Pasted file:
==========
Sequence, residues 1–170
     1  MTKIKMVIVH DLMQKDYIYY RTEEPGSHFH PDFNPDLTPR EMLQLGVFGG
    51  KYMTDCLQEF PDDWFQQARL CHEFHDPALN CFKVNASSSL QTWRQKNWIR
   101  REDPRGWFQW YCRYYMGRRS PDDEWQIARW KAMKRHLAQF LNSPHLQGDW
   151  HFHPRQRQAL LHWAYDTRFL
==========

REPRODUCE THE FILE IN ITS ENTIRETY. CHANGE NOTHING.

Sequence, residues 1–170
     1  MTKIKMVIVH DLMQKDYIYY RTEEPGSHFH PDFNPDLTPR EMLQLGVFGG
    51  KYMTDCLQEF PDDWFQQARL CHEFHDPALN CFKVNASSSL QTWRQKNWIR
   101  REDPRGWFQW YCRYYMGRRS PDDEWQIARW KAMKRHLAQF LNSPHLQGDW
   151  HFHPRQRQAL LHWAYDTRFL